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KickItDown’s Digital Sharing 4 brings us the three most interesting pieces of the series so far, experimenting with ideas of perception in dramatically varying styles.
The urge to take an interest in other people’s lives can sometimes be overwhelming; from eavesdropping on conversations during a commute to fixating on the latest reality shows. In Megan Smith’s Twitcher, we see a woman whose interest falls a little closer to home, as she obsesses over the comings and goings of her charming neighbour. What begins as slightly over-engaged observations, quickly explodes into delusions and jealousy.
Peppering the script with great comic moments, Smith manages to twist something quite dark into a highly enjoyable story. Whilst we are used to curtain twitchers being portrayed as elderly, keeping a beady eye on the finer details of the street (I myself have one next door, with an in-depth knowledge of my routine), this twitcher is a younger woman, adding a very interesting dynamic as she details her neighbour’s apartment as though she is writing a crime scene report. Ruth Syratt’s casual delivery (feeling almost ad-lib) is disturbing in all the right ways. She sends a chill down my spine as she mentions things with an offhand attitude, Fatal Attraction coming instantly to mind.
Moving on from the external obsession in Twitcher, Sophia Chetin-Leuner shows us the other side of the coin with an inwardly focused narcissist in Guy/Man/Guy. Trapped in isolation, a man begins to fixate on his body image, blaming it for the loss of his girlfriend and endeavouring to work his stomach off for the perfect Instagram snap.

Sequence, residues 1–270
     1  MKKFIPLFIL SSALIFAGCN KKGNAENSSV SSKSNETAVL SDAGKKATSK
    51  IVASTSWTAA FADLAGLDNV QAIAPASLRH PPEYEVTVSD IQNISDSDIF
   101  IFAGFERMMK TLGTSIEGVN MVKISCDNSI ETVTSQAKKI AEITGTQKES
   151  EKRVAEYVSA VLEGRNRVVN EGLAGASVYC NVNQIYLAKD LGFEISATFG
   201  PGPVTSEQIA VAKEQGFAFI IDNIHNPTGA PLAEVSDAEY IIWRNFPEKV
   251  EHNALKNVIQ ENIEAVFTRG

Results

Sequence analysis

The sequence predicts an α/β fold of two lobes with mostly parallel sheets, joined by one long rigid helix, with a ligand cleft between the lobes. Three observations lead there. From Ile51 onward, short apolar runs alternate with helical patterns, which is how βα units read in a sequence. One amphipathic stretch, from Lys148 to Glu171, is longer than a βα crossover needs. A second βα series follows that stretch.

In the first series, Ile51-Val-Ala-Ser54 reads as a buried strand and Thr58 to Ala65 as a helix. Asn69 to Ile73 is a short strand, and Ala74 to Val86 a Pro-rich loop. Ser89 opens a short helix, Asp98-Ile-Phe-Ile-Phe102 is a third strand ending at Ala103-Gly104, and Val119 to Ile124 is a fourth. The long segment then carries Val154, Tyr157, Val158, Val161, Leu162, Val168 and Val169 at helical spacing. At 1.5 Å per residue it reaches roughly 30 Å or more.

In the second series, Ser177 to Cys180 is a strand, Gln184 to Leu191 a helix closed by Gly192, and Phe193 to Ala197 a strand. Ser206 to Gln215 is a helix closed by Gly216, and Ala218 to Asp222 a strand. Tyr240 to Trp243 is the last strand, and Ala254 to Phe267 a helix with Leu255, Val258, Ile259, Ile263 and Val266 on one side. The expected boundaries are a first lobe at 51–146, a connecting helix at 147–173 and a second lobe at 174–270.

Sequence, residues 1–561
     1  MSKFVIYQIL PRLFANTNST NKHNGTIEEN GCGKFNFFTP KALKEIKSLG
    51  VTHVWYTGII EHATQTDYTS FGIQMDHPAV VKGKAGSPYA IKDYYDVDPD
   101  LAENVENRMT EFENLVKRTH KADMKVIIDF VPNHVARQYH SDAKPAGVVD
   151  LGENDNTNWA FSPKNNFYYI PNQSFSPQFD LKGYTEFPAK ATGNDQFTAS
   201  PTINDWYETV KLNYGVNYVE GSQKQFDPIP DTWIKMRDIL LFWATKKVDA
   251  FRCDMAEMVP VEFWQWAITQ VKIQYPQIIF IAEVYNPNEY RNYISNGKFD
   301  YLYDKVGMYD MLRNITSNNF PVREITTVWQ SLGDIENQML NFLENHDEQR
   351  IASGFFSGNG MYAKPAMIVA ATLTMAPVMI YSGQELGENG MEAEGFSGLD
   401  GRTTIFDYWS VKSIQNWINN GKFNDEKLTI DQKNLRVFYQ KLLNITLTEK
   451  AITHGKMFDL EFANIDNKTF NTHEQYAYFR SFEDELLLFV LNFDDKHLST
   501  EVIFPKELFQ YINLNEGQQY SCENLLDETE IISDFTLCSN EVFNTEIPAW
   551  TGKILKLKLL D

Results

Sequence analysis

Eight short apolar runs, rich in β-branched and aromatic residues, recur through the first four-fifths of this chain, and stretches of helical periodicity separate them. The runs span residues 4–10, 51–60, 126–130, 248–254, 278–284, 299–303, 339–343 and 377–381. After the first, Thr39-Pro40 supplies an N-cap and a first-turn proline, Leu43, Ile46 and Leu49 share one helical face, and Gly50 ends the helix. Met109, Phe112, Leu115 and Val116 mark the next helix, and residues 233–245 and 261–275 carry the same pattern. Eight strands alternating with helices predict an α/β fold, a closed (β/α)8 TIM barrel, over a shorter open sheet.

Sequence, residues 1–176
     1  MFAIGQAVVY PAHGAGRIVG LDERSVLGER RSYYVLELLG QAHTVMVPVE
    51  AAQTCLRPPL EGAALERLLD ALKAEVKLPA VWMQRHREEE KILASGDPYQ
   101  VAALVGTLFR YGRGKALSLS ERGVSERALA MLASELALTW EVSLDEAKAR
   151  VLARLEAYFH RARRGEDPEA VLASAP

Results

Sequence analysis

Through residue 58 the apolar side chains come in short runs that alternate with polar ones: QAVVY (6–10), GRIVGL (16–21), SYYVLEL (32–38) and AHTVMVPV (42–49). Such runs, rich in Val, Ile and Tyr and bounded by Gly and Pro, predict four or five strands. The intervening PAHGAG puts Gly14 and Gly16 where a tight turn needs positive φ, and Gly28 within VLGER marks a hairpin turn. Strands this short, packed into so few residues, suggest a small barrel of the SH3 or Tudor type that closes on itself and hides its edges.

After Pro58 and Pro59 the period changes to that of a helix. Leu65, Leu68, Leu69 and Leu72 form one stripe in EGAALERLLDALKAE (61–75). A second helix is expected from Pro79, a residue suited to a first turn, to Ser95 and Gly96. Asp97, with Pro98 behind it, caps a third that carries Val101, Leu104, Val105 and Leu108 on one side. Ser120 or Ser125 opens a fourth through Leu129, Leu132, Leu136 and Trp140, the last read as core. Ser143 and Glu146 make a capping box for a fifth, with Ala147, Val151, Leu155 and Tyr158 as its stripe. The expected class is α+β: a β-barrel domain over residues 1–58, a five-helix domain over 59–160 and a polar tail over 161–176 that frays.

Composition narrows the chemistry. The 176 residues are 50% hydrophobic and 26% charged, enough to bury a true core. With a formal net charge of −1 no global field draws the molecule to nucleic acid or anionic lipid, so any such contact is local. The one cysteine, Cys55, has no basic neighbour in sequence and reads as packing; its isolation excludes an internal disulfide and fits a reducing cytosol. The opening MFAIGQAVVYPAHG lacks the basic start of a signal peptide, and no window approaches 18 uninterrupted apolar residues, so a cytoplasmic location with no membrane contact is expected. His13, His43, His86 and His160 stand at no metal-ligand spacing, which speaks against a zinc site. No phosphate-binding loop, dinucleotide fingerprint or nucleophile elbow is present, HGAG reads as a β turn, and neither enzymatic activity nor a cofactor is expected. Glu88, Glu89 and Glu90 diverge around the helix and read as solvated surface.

One of the most interesting things about this piece is its view on male self-esteem (something rarely touched upon in this regard) written from a woman’s perspective. It paints such an interesting picture of masculinity and how much pressure is placed on men to look and act like men. There is a poetic structure to Chetin-Leuner’s text, which is somewhat captured by Ruban Nathan’s theatrical reading. However, his overcoloured performance, bordering on narration, lacks the authenticity that I feel the story deserves, taking away from the overall effect.
Rounding off the streaming is 3800 Miles, a play about two strangers connecting online during the lockdown, written by Ben Lawrence. Ellie and Jay are thrust together through an online chat platform called FastFriends, where they are given just shy of five minutes to learn about one another or end the call early if they aren’t interested in the person they are speaking with.
Lawrence creates a curious challenge from the beginning of the play, posing two characters with seemingly incompatible personalities: one eager to please and engage, the other reserved, with a too-cool-for-school attitude. As a clock sits above their heads counting down the time they have left — like a bizarre gameshow — Jay fights to create a conversation which will uncover something that they can connect over. His eagerness reveals a deep-rooted desire for human contact, something that we are all lacking during these neverending lockdowns. Perdita Ogbourne and Shivi Hotwani, as Ellie and Jay respectively, capture the pace of the scene well, bouncing off each other to keep the momentum driving forward in a captivating scene.
Stuck in perpetual isolation, we have all had the time to reflect at last both on ourselves and those around us. Yes, this has in many cases led to couples splitting and terrible living conditions, but as these three plays show us, it also gives us the room to adapt and grow, seeking out new experiences and relationships to enrich our lives.
Digital Sharing 4 is available to stream online, visit the KickItDown Productions’ website for more information and to watch.